Originally when I reached out to Andy about contributing to the mini-blog, I told him I was going to write about the difficulties of starting over as a “veteran” teacher in a new district. Over the past 7 years, I have lived in 3 different states (in and out of New York twice) and have worked in 5 different school districts. It was a perspective I thought others could relate to on some level. It’s one I would have loved to read by the time I started my third school. As I sat down to start typing, everything kept coming back to how I was feeling in the moment- how social distancing was impacting my teaching and the toll it was taking on my mental and emotional wellness.
I’m not okay and that’s okay. That’s all I kept coming back to. Some mornings I was waking up, answering every student and parent email, going on to teacher platforms and taking notes on incredible lessons health educators were posting, and planning how I would make adjustments for my online classroom.
But then yesterday happened.
I woke up with a heaviness I have never felt before in my life. It felt like I was in mourning. The idea of having to interact with my students felt like an elephant on my chest. I decided early that all I could muster was a quick video of me telling them I miss them and love them and that I would be posting updates soon. That was all I could do. I’m sure many of my students saw through the dry shampoo but I had to tell them I missed them. I needed them to know I was there, even if I couldn’t really be there that day.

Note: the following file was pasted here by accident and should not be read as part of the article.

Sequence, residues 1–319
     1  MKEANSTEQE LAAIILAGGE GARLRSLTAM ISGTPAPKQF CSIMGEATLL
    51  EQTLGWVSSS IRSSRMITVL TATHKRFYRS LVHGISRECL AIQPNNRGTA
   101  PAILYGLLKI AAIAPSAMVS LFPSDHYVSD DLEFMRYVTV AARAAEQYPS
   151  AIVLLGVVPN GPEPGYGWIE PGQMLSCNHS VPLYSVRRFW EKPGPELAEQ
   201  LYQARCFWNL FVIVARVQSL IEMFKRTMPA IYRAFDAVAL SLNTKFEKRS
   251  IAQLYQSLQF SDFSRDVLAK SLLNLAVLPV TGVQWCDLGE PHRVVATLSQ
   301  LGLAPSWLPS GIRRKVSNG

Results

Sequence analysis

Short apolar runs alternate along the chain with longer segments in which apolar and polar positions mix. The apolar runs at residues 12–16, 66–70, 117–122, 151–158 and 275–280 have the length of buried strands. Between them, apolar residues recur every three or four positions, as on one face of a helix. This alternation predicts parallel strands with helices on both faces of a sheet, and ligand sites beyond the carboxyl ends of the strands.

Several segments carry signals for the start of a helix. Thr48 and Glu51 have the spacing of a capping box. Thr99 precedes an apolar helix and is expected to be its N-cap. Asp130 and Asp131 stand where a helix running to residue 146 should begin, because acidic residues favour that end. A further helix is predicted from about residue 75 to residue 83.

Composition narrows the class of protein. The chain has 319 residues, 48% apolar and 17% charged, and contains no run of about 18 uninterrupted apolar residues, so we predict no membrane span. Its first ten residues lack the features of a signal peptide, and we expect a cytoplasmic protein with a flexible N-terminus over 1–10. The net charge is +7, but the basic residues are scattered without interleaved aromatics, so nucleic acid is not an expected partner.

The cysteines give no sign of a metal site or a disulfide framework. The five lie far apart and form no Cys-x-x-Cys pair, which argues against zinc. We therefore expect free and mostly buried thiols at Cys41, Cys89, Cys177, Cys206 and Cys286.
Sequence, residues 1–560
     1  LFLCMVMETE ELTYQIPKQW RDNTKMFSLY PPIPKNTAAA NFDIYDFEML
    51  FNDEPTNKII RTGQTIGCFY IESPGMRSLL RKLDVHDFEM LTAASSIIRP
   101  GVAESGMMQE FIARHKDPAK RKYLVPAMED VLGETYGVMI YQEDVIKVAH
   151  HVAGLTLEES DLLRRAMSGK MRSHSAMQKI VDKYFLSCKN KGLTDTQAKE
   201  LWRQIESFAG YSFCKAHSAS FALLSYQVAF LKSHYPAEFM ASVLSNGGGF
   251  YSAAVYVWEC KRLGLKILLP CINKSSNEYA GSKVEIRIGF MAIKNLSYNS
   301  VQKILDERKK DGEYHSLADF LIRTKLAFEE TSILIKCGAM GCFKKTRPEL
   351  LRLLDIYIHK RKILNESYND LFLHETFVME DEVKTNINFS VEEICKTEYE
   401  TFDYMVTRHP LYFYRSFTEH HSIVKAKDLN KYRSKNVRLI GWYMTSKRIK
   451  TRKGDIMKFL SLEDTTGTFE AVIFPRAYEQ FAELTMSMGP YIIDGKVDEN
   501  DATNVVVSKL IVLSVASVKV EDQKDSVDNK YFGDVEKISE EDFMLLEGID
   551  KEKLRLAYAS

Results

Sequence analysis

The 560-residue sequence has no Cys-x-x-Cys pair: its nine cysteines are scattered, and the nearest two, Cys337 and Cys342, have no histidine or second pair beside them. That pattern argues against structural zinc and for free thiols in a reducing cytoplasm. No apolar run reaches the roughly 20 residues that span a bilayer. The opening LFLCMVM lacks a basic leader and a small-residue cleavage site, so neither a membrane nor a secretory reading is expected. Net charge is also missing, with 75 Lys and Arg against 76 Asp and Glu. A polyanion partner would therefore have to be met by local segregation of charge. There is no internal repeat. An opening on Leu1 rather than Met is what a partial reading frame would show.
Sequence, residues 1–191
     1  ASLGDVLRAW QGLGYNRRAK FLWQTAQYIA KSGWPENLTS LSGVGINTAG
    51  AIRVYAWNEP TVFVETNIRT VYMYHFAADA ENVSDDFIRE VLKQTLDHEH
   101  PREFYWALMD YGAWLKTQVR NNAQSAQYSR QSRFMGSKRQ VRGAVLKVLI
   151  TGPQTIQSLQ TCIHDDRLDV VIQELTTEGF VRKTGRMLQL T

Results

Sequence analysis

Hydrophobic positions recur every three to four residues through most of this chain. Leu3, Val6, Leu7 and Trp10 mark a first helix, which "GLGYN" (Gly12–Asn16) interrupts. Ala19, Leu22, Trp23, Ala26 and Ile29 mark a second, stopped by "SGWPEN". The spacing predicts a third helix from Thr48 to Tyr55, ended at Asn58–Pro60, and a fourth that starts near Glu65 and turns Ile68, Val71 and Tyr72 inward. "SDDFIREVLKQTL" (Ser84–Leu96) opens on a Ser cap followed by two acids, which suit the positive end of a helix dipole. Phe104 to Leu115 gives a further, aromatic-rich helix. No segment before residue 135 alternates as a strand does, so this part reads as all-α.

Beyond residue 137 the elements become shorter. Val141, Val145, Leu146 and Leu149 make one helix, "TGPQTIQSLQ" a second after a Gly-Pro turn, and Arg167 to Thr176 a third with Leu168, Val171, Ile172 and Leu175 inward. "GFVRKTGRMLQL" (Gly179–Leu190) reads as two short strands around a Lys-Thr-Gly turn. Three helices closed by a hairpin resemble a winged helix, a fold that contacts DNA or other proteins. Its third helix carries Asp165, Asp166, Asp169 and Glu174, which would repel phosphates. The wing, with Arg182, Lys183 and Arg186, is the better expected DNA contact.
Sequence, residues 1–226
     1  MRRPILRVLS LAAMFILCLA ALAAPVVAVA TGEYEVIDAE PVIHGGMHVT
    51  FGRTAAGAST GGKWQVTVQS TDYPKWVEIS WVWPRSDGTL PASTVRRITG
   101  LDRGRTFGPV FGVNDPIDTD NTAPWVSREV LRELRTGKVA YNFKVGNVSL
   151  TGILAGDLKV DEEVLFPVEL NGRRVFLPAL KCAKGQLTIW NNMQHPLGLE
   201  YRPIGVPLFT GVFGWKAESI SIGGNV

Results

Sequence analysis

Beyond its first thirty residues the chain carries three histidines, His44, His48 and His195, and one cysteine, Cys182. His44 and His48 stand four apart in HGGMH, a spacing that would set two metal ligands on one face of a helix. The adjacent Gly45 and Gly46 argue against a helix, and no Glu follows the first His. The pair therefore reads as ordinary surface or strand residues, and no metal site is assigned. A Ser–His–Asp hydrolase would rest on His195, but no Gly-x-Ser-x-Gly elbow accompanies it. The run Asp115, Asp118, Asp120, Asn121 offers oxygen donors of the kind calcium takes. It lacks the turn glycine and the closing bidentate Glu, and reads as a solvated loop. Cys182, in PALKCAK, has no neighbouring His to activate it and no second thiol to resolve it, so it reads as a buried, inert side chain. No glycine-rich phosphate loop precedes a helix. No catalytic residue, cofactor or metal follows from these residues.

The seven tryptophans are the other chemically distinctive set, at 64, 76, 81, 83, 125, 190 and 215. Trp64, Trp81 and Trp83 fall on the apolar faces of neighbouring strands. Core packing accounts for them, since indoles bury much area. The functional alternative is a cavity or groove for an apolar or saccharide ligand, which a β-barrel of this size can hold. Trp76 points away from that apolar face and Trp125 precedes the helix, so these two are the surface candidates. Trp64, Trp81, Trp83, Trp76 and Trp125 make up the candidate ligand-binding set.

This has been my internal struggle. Posting assignments where kids watch fitness videos or track their sleep seems so incredibly tone-deaf to me. For the first time in my career, I’m not sure what my role is as a teacher. Most days I don’t even know what type of support I need let along what my students need. In the coming weeks we are all going to be dealing with loss (with some already starting that process). It will finally hit students that many of them aren’t going back. That their last semester teachers, their sports seasons, field trips, and proms won’t be a memory they can look back on in a photo album. They will grieve. I will grieve. And I’m not sure there is a lesson plan that can tackle it.
Casey Langendorfer, Middle School Health Teacher
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